This originally started as a radio drama on BBC Radio, and has been adapted to novels, and a not bad movie. Please, please, PLEASE, do yourself a favor and listen to the radio drama. It is perfect for long road trips. Although comedy is a matter of taste, this is one of the funniest things out there. You need to appreciate science fiction, and dry sense of humor, but it is so funny. I re-listened to it a few weeks ago (I generally don’t review things unless I’ve read/watched/listened to them within the last month or maybe two), trying to find the best lines to quote. I gave up about five minutes in because there are so many good ones. If you are involved in nerd culture at all, this is the source of many of the seemingly random jokes out there: 42 (the answer to the ultimate question of the universe), Don’t Panic (in large, friendly letters), and Don’t Forget Your Towel (or Towel Day, see here: http://en.wikipedia.org/wiki/Towel_Day).

My favorite part of the loose story arc is the beginning up through their meal at the Restaurant at the End of the Universe. The story does occasionally get a bit tedious in places, but the comedy moments are a great pay off for the weaker moments. This is full of incredibly random non sequiturs, strange ideas that seemed to have popped into Adams’ head and lead you on to interesting rabbit tracks around the vast reaches of space. If I haven’t convinced you to try it, I’ll leave you with what, after much internal wrestling, I think might be my favorite part. Or at least one of my favorite parts.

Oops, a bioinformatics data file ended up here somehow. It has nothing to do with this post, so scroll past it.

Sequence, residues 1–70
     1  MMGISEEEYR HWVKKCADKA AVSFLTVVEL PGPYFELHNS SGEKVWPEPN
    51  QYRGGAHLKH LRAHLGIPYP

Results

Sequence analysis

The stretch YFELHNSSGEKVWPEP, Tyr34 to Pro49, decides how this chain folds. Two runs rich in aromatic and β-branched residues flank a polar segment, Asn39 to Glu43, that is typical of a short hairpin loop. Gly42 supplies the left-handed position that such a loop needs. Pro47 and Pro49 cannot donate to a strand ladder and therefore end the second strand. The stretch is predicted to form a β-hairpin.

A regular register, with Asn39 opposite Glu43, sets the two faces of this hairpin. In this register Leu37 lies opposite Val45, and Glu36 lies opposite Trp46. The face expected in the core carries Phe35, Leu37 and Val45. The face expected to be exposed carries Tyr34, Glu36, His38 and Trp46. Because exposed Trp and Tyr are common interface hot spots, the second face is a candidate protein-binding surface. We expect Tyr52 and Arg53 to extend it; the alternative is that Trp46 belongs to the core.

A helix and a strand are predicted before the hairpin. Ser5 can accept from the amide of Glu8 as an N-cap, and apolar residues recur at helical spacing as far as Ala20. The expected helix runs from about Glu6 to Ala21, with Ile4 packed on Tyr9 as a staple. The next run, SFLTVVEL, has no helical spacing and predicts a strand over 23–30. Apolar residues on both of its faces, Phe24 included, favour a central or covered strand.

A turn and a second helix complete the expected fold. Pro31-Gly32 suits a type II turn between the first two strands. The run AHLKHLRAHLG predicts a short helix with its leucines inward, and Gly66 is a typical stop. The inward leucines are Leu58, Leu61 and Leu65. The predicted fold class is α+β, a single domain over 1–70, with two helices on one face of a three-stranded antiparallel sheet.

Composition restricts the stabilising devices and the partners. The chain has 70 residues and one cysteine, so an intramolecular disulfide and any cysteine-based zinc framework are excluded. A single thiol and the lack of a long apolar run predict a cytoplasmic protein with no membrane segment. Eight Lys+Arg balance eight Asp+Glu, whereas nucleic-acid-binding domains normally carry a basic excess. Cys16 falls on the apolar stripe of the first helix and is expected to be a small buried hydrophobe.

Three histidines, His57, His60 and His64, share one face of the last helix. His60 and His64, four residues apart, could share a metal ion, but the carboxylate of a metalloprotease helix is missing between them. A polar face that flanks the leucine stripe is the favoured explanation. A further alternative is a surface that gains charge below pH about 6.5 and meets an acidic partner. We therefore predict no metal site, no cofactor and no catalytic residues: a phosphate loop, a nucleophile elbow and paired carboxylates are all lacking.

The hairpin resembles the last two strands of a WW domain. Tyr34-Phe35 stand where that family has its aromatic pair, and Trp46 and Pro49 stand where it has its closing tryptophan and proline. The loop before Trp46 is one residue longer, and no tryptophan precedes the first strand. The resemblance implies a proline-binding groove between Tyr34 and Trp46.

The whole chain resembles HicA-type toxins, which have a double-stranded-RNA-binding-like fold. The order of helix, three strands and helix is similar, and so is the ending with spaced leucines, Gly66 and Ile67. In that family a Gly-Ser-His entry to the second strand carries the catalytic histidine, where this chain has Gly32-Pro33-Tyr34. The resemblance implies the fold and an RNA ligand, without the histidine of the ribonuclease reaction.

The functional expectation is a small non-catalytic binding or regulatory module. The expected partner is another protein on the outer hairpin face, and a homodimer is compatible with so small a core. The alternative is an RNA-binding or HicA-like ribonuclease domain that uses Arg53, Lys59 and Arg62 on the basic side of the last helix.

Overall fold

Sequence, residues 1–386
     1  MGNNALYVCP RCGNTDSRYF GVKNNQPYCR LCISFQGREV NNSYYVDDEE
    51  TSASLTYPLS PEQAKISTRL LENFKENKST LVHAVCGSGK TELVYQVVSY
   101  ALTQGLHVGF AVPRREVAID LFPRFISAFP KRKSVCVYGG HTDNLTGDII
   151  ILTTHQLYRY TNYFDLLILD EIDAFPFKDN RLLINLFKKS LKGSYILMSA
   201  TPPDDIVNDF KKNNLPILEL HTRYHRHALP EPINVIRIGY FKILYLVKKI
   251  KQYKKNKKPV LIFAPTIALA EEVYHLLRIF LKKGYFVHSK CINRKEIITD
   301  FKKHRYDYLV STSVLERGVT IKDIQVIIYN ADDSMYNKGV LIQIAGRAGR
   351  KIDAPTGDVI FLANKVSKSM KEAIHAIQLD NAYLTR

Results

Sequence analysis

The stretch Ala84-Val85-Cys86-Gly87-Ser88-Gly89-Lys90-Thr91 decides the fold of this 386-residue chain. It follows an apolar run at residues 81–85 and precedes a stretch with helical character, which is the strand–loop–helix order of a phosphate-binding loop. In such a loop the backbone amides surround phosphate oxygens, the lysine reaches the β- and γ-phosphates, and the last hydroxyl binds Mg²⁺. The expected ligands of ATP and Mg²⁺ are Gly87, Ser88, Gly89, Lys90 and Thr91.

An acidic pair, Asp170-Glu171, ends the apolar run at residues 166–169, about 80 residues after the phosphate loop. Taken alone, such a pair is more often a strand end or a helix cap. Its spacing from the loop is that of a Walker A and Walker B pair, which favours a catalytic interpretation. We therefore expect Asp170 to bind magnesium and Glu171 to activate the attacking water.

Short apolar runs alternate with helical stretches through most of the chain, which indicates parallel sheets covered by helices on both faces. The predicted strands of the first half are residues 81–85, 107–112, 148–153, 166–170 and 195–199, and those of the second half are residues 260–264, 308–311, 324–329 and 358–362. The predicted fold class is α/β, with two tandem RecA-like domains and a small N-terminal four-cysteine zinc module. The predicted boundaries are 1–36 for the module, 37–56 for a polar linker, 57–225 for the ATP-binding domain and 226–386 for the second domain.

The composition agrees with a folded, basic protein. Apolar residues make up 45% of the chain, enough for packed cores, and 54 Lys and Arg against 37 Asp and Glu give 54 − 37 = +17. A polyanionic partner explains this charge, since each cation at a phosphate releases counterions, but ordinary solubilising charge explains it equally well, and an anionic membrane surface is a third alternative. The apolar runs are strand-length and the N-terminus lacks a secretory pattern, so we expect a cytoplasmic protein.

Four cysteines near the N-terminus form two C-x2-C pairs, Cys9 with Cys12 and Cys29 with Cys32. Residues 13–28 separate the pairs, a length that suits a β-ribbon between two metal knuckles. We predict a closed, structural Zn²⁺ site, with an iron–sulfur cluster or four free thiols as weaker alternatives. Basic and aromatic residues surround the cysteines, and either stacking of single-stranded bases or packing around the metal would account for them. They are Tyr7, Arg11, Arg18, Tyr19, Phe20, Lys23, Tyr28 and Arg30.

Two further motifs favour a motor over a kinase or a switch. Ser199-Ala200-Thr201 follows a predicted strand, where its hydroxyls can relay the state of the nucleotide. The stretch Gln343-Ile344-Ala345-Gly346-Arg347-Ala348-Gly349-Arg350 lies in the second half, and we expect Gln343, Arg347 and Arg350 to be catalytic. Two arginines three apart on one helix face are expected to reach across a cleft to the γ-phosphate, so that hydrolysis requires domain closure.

“Come now, or you will be late.”

“Late? What for?”

“What is your name, human?”

“Dent. Arthur Dent.”

“Late, as in the late Dentarthurdent. It’s a sort of threat, you see. I’ve never been very good at them myself but I’m told they can be terribly effective.”

Get the radio drama! Amazon, Barnes & Noble

Get the first book! Amazon, Barnes & Noble

Get the movie! Amazon, Barnes & Noble

*If you use these links to make a purchase, Lector’s Books may receive a small commission. This will not affect your price or purchasing experience in any way.

 

Mystery Series Roundup

We have moved recently, and I have been a little disappointed with my new library. For one, the online e-book lending system has been upgraded since I used it last and I can’t figure out how to browse for Kindle books. It’s very unwieldy. For another, they put all their fiction in one category. ONE. That means mysteries are next to literary fiction, romance next to sci fi, all lumped into one big heap. Of course it’s neatly organized alphabetically by author, but one of the great pleasures of the library is browsing. I find it far too overwhelming to do so when you have such a large and varied selection of books. However, the redeeming feature I’ve discovered is the online hold feature. Essentially you get to shop for books online, for free, and they collect them and put them on a shelf at the front of the library for you. It’s wonderful. I came home with 11 books the last time, many of them first in a mystery series. So here are three that I’ve recently read or reread, and I hope you can find a new-to-you series to enjoy.

How do you like your mysteries? Intensity varies from low (over-easy) to high-ish (over-hard).

Over-easy: The No. 1 Ladies’ Detective Agency (1998) (series by the same name) Alexander McCall Smith Amazon, Barnes & Noble

I’ve read the first eight or so of these mysteries, and they’re just lovely. Set in Botswana, the pace is slow and rambling, like a story shared by an old friend on a back porch with iced tea. Though there is sadness in the books, the intensity level is very low. The mysteries investigated have more to do with everyday problems than murder and the books themselves are more about the characters than the investigations. A pleasant lazy Sunday afternoon read.